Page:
Fans of Carlos Saura’s electrifying 1995 documentary “Flamenco (de Carlos Saura)” will be unable to stay away from “Iberia,” though this encore is too similar to have the same impact. The $3.2 million work, shot entirely on a soundstage and lit like “Flamenco,” brings together a host of dazzling Spanish stars who sing, dance and play modern, folk, flamenco and operetta variations of composer Isaac Albeniz’s “Iberia” suite. Taking the connoisseur’s path rather than the route of easy entertainment, pic has the earmarks of a classy, long-lived music DVD and a hot-selling pubcaster item.
Film is structured as a series of performance numbers, with no commentary beyond a quick identification of the artists. A number of the performers, like Manolo Sanlucar, have worked with Saura before. Dance stars include the internationally acclaimed Sara Baras; Antonio Canales, current director of the Spanish National Ballet; and the company’s former director, Aida Gomez, who starred in Saura’s “Salome.” Featured singers include flamenco great Enrique Morente and his daughter, Estrella Morente, while pianists Rosa Torres Pardo and Chano Dominguez, as well as guitarist Manolo Sanlucar offer powerful interpretations of the original piano pieces.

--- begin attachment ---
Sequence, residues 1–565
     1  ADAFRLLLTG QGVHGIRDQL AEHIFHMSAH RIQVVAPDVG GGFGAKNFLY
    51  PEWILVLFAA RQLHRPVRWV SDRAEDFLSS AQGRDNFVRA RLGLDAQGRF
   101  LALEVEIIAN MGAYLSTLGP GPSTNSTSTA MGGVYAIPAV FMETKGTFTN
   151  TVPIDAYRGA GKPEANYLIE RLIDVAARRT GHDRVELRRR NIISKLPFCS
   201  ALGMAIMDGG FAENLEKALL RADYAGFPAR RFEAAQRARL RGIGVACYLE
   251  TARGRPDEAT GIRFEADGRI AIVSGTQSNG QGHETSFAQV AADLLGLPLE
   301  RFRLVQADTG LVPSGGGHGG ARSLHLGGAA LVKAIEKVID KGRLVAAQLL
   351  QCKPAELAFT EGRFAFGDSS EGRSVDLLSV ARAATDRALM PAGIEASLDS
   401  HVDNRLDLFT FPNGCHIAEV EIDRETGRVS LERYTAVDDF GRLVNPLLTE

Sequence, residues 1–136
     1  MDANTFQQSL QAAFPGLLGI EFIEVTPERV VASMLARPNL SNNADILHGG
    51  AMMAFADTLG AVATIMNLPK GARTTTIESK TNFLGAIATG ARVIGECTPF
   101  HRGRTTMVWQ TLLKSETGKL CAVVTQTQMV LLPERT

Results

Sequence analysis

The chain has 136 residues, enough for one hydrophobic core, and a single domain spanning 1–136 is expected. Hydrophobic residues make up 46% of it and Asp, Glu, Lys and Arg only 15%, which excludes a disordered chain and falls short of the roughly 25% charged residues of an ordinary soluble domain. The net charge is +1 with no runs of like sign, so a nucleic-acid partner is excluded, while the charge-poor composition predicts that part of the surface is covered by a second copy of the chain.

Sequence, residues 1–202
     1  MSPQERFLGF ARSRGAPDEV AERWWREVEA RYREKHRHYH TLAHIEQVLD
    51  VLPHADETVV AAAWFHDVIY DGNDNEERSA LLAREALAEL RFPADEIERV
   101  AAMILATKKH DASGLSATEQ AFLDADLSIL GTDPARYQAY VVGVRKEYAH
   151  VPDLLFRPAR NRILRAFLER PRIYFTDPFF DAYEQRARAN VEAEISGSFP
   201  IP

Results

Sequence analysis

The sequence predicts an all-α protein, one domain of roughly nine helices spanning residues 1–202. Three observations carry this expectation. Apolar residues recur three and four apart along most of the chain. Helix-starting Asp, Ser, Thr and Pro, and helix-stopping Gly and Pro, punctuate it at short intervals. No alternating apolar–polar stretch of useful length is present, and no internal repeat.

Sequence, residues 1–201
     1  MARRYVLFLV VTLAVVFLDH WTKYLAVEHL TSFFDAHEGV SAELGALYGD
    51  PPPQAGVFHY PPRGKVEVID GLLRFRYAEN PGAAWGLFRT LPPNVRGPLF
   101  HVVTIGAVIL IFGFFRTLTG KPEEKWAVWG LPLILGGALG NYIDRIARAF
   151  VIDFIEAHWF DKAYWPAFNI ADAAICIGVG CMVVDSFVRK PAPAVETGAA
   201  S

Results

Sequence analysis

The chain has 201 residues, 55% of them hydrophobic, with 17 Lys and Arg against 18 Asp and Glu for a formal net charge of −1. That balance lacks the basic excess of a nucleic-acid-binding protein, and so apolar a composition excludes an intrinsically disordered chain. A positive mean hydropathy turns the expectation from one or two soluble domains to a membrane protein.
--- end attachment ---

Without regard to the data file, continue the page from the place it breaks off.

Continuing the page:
Ranging from modern to traditional, the numbers evoke many different moods, from humor to pathos, seduction to despair. On the centenary of Albeniz’s “Iberia,” they build a powerful portrait of the Spanish spirit, particularly the gypsy culture of Andalusia.
Saura has developed his ideas about pure, non-narrative cinema inspired by musical compositions in other works like “Sevillanas” and “Salome.” Here again, scenery and staging are minimized to avoid distracting from the artists. In his attention to detail and unexpected forms, Saura plays the intuitive magician, who combines music and dance with his own art form — film.
At the same time, it’s hard to see how “Iberia” takes Saura’s work beyond previous accomplishments like “Flamenco,” whose use of strikingly lit panels owed much to the color theories of cinematographer Vittorio Storaro. Here Jose Luis Lopez Linares’ lighting effects on canvas panels, while a major aesthetic in the film, can’t help but look derivative. And with inventiveness the name of this game, things feel a tad pre-packaged.
Sonia Grande’s startling, highly original costumes make a major contribution to the film’s enjoyment. Composer Roque Banos excellently rearranges Albeniz’s music in a danceable direction.